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Jack Benny – Radio Stars of America
Jack Dines At The Colmans
Incident At The Drugstore Counter
Jack Gets A New Car
Bumped At The Studio
Jack Benny with Ronald Colman, Mel Blanc, Amos and Andy, and Red Skelton
Recorded 1949-52
LIVING ERA CD AJA 5595 [70.08]



Crotchet Budget price

Benny was a seasoned radio performer – a medium he much preferred to television - by the time these routines were recorded in the years between 1949 and 1952. He’d had his first show on NBC back in 1932 and after some to-ing and fro-ing between NBC and CBS his spot became seven o’clock on Sunday evening on NBC. By 1937 he was number one in the radio ratings and he remained a revered figure in broadcasting history, his switch to television in 1955 bringing him a new audience. With typical Benny caution he’d kept both his radio and TV shows running between 1950 and 1955 before the irrevocable switch to the new medium.

Benny’s show had a roster of contributing characters; Don Wilson, Eddie Anderson (better known as the black factotum Rochester), Phil Harris, Mel Blanc and Benny’s wife who played the character of Mary Livingstone and whose banter with Benny is a recurring highlight. ASV has concentrated on four routines, the second of which is by far the shortest and ends rather abruptly leading me to suppose that either it’s been lost, or the compilers felt it best to truncate it (on average the Benny routines lasted around twenty minutes and could include a number of devices to broaden scope).

As well as that nebulous quality of timing Benny had the art of deadpan recovery. Time and again he saves scenes in which the other actors – often his wife – slip up with their lines. In comes Benny with a quick fire saver that reduces the other actors, much less the audience, to guffaws. When Mary Livingstone trips up over the phrase "mowing the lawn," converting it into "moving the lawn" it’s Benny who first picks up the line, mulls it, spits it back and then – genius of geniuses – keeps returning to it much later in the sketch. With these Benny routines, ideas and phrases are elevated almost to the status of leitmotifs. Language is precise and laconic; jokes at his stinginess abound, a few saucy lines passed the censor and the "look" that Benny must have given so often even manages, in the mind’s eye, to survive the medium. Guest stars appear – Ronald Colman and his wife Benita, her cut glass South Kensington voice wittily going to town on the script, are here. Amos & Andy turn up, but briefly, as does Red Skelton. The master of ceremonies is Benny however and just as an exercise in comic rubato this is a disc to be relished. I don’t know how many re-hearings these routines will stand but, with decent-for-the-time sound, you won’t go far wrong in listening to one of the Masters.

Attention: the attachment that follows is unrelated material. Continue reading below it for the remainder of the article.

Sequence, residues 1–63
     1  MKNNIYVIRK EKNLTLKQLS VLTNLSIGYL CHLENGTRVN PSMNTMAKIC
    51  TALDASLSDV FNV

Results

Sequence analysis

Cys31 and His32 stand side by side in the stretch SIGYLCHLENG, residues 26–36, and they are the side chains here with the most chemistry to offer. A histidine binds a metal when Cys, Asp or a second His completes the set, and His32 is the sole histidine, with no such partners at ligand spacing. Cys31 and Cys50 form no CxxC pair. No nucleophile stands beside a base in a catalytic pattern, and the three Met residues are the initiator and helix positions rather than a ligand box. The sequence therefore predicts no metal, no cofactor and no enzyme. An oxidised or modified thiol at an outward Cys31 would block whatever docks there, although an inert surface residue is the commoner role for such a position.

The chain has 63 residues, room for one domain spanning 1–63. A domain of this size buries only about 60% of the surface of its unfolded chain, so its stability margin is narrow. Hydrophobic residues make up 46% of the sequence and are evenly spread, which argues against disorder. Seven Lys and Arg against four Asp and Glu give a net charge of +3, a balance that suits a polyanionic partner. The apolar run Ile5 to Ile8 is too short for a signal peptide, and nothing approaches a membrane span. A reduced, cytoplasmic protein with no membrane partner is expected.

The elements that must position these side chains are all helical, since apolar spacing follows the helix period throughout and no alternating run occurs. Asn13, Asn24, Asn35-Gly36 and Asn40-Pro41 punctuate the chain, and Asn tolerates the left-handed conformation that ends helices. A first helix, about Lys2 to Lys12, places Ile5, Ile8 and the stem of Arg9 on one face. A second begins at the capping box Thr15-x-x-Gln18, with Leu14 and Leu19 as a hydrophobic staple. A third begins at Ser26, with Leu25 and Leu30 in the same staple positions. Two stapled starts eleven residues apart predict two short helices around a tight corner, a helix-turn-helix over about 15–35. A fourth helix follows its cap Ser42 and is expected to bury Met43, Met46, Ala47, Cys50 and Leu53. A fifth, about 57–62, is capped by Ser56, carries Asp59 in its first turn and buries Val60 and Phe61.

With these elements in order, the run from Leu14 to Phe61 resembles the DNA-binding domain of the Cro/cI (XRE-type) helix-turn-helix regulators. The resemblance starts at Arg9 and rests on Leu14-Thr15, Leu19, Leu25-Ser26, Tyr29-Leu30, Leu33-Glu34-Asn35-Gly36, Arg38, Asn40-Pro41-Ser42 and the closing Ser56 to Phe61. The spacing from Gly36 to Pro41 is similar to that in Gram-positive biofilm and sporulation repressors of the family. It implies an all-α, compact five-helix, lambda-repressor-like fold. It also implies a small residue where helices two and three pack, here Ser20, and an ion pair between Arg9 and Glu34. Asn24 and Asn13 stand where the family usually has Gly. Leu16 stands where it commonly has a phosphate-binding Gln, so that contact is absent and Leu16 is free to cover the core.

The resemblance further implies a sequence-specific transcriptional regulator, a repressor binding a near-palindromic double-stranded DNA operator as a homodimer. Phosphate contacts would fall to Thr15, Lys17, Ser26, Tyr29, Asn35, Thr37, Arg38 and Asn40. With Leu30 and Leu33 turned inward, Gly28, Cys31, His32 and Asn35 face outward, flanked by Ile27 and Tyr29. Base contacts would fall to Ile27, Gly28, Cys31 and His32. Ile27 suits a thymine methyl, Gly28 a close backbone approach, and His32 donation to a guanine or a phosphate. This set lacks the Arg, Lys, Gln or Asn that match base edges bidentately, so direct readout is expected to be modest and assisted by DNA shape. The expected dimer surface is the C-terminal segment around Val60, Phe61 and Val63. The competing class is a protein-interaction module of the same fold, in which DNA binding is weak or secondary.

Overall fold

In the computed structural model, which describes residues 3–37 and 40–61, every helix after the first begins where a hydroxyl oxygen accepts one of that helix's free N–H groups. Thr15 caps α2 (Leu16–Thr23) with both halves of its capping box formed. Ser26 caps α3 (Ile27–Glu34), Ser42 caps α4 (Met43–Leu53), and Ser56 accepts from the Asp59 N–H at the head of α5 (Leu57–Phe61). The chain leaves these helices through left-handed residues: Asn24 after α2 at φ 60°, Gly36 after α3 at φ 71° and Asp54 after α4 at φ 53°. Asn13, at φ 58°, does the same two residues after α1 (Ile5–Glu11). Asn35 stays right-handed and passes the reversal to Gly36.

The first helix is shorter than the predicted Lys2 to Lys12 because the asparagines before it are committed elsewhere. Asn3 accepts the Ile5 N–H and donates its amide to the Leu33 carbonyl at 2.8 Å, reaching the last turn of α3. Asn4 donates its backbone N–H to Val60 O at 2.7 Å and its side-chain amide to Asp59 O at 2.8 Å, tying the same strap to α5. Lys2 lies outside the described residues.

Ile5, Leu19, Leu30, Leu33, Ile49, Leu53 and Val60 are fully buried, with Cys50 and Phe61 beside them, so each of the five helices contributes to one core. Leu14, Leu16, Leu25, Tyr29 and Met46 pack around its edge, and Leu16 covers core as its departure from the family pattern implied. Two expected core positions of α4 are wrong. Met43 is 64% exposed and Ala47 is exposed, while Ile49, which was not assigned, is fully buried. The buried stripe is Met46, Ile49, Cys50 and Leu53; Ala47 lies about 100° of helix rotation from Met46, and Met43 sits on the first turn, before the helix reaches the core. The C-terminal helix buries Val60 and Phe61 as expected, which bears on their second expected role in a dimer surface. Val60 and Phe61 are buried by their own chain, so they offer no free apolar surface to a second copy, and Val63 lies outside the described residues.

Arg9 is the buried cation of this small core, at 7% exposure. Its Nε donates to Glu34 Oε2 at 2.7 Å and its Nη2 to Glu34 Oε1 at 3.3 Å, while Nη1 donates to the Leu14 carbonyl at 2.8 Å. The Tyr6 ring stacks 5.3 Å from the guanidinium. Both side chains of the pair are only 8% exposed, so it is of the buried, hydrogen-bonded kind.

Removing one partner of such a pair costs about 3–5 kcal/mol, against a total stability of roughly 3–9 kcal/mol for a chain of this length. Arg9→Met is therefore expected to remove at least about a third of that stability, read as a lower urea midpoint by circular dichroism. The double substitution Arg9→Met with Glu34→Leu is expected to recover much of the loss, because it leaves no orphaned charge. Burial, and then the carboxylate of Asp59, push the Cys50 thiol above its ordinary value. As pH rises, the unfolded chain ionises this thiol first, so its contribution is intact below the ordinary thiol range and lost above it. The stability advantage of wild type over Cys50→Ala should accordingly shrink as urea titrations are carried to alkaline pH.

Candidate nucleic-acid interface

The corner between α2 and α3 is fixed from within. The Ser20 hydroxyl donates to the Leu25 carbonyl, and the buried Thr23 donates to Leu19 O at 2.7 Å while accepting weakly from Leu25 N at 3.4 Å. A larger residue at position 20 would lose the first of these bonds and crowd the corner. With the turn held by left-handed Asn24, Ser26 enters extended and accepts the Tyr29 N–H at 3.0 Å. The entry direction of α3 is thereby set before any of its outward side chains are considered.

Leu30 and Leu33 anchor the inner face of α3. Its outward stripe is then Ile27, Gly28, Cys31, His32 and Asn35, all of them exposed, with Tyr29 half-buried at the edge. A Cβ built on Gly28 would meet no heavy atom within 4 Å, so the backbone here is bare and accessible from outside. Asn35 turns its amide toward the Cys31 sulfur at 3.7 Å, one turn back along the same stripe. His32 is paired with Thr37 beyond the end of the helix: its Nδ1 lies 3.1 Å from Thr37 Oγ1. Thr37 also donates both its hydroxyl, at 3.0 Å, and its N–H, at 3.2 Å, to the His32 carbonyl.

Jonathan Woolf

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